(9) Bridges. A trestle of delights for bridge enthusiasts like the Broadway, Steel, and Fremont.

“…Soon we emerge into a blaze of morning light. Once again, the powers of life and death have triumphed over the hosts of death and despair.”

(10) Entrepreneurialism. The industriousness and creativity of Victor Atiyeh endures in so many Portland businesses (everything from breweries to messenger bags). There is a statue of this former governor at PDX.

*Photo is from the marble tabernacle inside the Chapel of Christ the Teacher. Quote is from The Legacy Collection: Fantasia.

São Paulo

Graffiti in San Paola I was in São Paulo last week for work. It was a quick trip, with a packed agenda, so the opportunity for exploration was limited. I have a top ten list though…

(1) Cargo Bikes (Copenhagenize Design Company)

(2) Eisenbahn Pale Ale (BeerAdvocate)

(3) Estação da Luz

“Ever since this station was completed in 1901, it has remained among the most important buildings in São Paulo and Brazil’s history. For decades its clocktower ruled over the city’s skyline to give its residents a reference point to set their clocks, and today the station houses the Museum of the Portuguese Language, a huge repository of and tribute to Portuguese art, language, and literature from around the world.” (THRILLIST)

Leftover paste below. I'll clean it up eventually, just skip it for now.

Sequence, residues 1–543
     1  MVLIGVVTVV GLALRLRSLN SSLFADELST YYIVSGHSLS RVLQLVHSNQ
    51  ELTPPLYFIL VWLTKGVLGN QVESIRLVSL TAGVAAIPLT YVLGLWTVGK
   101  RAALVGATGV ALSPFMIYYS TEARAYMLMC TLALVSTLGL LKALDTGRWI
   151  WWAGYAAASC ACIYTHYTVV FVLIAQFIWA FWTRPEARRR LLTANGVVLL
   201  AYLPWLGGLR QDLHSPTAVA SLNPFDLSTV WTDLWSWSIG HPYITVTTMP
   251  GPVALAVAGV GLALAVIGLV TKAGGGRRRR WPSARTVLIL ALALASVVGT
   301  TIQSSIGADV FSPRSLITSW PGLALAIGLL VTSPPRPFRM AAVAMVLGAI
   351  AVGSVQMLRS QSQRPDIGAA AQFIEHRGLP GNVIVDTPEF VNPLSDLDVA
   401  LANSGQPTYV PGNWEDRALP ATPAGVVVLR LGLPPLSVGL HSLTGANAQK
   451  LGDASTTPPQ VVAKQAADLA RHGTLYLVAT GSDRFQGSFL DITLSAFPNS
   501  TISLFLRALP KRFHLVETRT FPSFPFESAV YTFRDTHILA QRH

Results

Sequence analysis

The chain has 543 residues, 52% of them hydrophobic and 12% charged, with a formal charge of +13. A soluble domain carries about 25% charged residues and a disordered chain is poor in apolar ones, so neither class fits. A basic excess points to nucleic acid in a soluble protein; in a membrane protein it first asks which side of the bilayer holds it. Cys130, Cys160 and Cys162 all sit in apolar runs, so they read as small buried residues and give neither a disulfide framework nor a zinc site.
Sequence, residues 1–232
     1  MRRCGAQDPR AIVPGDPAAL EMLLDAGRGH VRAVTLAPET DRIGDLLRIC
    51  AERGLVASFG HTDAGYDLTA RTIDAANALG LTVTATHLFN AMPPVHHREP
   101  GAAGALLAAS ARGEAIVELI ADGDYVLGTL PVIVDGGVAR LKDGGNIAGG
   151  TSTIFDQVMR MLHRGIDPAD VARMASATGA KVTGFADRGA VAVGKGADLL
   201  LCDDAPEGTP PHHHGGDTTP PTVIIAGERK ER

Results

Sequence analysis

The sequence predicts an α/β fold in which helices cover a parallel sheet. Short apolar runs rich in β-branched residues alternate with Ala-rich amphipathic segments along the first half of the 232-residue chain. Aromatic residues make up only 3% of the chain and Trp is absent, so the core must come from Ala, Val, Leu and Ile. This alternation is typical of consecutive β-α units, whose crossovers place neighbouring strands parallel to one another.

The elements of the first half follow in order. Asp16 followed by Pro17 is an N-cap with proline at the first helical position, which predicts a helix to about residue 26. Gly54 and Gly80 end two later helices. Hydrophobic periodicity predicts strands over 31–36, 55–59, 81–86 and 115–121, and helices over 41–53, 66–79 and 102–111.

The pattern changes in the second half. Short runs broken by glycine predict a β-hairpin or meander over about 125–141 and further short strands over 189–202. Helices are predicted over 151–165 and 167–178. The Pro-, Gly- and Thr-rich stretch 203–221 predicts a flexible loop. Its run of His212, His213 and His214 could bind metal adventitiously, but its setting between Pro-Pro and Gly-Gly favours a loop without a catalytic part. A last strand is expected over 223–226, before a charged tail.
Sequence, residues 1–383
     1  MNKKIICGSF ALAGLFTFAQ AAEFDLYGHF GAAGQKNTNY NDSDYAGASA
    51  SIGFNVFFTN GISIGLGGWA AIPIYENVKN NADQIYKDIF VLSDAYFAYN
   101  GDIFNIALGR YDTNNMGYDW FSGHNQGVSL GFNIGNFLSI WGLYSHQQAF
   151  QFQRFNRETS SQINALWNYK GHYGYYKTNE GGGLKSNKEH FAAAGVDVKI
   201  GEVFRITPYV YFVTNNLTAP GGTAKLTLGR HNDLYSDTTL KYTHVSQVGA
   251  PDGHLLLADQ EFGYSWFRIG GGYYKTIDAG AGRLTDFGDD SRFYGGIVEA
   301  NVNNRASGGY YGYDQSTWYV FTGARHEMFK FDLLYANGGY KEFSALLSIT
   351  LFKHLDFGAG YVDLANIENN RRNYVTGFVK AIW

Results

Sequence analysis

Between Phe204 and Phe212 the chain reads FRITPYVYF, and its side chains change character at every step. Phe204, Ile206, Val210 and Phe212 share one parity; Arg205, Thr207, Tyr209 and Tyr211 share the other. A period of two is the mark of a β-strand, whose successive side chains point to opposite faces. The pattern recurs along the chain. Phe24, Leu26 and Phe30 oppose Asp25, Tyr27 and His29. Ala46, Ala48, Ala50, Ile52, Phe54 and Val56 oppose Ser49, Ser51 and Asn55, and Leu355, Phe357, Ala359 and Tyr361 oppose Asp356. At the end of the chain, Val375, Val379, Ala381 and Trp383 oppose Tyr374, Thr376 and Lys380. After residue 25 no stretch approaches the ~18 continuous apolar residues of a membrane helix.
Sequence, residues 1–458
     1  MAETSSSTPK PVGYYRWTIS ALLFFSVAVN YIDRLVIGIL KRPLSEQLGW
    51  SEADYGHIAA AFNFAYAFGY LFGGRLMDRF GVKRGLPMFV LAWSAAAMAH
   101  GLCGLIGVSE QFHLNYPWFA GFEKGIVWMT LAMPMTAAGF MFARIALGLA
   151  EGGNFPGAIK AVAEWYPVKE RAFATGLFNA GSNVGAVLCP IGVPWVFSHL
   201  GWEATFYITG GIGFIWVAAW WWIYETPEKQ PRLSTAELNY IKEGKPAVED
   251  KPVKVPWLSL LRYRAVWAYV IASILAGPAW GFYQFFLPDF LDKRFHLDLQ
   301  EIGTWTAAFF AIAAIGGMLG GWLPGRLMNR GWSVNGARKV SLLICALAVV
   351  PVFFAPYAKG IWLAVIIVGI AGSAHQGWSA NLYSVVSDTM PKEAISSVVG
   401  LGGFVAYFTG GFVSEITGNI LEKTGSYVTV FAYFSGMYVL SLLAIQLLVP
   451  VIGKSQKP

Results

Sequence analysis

(4) Street art/graffiti/building art (THRILLIST)

(5) The Estaiada Governador Orestes Quercia is a beautiful bridge near the Anhembi Convention Center

(6) Museu de Arte de São Paulo on (7) the Av. Paulista

(8) Minhocão / Via Elevada Presidente João Goulart (Architectural Digest)

(9) Municipal Theatre of São Paulo

(10) Whether on the Av. Paulista or the Sao Paulo International Book Fair Mickey Mouse was ubiquitous.

Gruen on Eero Saarinen